By Wisconsin Reporter
MADISON — With the recall election less than three weeks away, Milwaukee Mayor Tom Barrett is getting some help from musical friends.
X will shoot the remix to the music video Saturday in Milwaukee’s Washington Park as part of the Rebuild Wisconsin Festival. Liberal activist and former White House green jobs czar Van Joneswill host the event.
Could events like this have led professor of history at New York University and lifelong Democrat Jonathan Zimmerman to opine in the LA Times that he’s “appalled by the recall campaign against Walker by Wisconsin Democrats?”
Zimmerman calls the recall effort “petty” and “vindictive.”
Another day, another jobs report, another flurry of accusatory news releases from political candidates.
Wisconsin lost 5,900 jobs in April — a 6,200 drop in private-sector jobs partially offset by 300 new government positions.
“Perhaps if Scott Walker had spent more time focusing on jobs instead of dividing-and-conquering or jetting around the country as a right-wing rock star to the rich, Wisconsin wouldn’t be bleeding jobs,” said Barrett’s campaign in a statement.
Walker’s campaign responded by turning the spotlight on Milwaukee.
“Today’s numbers are just another indication that under Governor Walker, Wisconsin is headed in the right direction,” Walker campaign spokeswoman Ciara Matthews said in a statement. “While the unemployment rate has been on the steady decline — today dropping to 6.7 percent — since Governor Walker took office, Milwaukee Mayor Tom Barrett has presided over a 28 percent increase in unemployment. “
“Unemployment rate” doesn’t measure the number of people who are out of work. It measures the number of people who are out of work and looking for a job.
So Wisconsin can lose jobs and have a lower unemployment rate in the same month, if there is a drop in the number of people who stopped looking for jobs.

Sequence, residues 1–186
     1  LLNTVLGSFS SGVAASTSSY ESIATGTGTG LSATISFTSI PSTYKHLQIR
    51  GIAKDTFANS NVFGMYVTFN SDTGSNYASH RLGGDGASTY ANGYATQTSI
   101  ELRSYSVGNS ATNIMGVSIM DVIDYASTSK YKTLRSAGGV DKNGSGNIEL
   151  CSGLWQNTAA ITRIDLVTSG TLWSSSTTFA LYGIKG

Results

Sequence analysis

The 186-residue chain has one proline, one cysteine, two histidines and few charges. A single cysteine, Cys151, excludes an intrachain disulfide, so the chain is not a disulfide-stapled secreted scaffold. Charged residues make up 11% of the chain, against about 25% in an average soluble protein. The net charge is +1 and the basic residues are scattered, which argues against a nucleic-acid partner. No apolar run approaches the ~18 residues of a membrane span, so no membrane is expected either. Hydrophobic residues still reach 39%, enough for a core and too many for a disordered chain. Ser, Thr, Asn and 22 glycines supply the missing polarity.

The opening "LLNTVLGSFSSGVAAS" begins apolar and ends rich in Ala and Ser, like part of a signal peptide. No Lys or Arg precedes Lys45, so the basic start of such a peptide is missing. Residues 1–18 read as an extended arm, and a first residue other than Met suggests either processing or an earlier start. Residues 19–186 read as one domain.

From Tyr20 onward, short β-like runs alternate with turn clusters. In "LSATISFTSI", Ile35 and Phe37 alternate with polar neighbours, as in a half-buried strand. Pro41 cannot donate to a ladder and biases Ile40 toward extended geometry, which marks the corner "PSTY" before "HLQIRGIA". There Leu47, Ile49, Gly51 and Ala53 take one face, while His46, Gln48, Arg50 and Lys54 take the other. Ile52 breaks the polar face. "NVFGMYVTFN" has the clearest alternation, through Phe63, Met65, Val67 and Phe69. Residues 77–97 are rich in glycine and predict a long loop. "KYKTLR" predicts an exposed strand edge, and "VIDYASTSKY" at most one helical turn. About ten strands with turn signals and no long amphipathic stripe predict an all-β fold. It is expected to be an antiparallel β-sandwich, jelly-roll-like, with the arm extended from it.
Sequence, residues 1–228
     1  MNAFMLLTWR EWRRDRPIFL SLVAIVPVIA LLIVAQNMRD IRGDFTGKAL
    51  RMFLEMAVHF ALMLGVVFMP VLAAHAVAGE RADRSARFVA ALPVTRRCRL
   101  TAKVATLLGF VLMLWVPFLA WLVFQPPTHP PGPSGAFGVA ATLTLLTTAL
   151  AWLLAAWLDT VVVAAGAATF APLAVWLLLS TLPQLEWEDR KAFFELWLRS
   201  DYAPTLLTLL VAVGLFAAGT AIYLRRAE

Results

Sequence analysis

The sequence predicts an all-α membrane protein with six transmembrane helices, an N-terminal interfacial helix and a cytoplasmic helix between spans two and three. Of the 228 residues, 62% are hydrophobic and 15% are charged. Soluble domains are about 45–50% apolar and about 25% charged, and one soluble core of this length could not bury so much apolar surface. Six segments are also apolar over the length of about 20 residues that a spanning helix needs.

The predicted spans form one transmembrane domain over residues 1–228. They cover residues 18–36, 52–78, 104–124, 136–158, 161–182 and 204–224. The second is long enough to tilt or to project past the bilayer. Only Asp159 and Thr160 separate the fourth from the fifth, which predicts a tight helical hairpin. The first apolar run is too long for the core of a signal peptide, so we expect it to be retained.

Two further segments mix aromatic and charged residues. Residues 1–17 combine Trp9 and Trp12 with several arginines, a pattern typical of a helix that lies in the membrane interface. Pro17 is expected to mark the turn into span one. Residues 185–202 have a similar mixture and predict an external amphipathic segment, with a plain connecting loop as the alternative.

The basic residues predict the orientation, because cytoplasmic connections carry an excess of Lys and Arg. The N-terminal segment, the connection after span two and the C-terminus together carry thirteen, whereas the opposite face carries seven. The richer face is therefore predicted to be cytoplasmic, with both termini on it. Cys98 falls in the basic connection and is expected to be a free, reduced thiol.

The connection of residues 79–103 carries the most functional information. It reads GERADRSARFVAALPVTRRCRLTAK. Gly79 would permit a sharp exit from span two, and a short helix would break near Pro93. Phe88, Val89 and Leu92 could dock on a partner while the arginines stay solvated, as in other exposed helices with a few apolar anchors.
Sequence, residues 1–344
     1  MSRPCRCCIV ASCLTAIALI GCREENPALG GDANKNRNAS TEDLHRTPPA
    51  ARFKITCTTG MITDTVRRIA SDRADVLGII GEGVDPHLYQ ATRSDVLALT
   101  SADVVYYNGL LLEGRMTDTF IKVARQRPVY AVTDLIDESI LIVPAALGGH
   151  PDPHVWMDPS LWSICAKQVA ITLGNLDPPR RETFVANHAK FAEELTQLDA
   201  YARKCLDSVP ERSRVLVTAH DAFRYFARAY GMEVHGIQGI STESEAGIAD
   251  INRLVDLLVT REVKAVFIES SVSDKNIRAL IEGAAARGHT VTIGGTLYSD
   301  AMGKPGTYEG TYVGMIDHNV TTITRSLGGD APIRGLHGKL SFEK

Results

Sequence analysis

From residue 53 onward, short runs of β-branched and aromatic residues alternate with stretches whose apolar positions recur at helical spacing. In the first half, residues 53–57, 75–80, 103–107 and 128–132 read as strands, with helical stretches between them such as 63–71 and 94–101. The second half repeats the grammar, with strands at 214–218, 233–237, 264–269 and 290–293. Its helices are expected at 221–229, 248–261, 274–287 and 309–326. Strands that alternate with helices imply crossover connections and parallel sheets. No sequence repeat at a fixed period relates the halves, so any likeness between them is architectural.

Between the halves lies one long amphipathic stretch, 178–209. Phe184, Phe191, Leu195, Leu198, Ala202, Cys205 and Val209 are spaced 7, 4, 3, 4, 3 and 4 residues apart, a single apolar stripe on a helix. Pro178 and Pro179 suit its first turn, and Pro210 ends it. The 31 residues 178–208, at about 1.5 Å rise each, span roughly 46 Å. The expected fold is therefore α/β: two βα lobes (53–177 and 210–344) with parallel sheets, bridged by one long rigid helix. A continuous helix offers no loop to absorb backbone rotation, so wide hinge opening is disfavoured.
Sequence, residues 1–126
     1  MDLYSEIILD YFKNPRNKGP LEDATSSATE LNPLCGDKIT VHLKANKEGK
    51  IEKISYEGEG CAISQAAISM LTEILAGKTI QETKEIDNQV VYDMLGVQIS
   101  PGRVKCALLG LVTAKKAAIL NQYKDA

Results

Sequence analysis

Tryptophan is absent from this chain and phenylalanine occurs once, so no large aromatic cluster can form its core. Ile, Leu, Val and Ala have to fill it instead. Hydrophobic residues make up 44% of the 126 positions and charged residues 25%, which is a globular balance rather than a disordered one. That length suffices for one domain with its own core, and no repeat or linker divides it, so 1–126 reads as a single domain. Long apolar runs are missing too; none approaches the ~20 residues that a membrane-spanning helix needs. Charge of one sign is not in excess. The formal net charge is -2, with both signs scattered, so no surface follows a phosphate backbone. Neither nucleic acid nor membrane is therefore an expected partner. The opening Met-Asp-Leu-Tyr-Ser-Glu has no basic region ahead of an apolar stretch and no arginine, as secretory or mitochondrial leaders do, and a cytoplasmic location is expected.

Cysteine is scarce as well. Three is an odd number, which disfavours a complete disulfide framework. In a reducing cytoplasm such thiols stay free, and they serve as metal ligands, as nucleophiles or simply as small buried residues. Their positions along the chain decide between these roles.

Thursday’s report kicked off the latest play in the monthly game of political football surrounding the jobs report, as each party vies to take credit or assign blame, depending on whether unemployment falls or rises.
On Wednesday, the state Department of Workforce Development released what it called the actual 2011 jobs data, based on reports from 160,000 employers.
The data show Wisconsin’s economy actually added 23,000 jobs between December 2010 and December 2011.
That differs greatly from the U.S. Bureau of Labor Statistics data, which estimated a net loss of 33,900 jobs in 2011 — a swing of 57,221 jobs.
- Employees of the Miller Compressing Co. recycling company, which has a no-bid city contract, donated more than $10,000 to Barrett’s 2010 gubernatorial campaign, theMilwaukee Journal-Sentinel reported Thursday, adding that company employees also have donated to Walker and others. The state Republican Party revealed the Barrett donations and accused the mayor of “pay-to-play” politics, which a top Barrett aide denied.
- Walker told the Associated Press that, if he wins the recall election, he will govern in a more inclusive way. One of the most persistent criticisms of Walker is his take-no-prisoners approach to governance.In a Marquette Law School poll of 704 of Wisconsin’s registered voters, released Wednesday, 37 percent said they liked what Walker has done as governor, 38 percent said they didn’t and 22 percent said they liked what he has done, but not how he did it.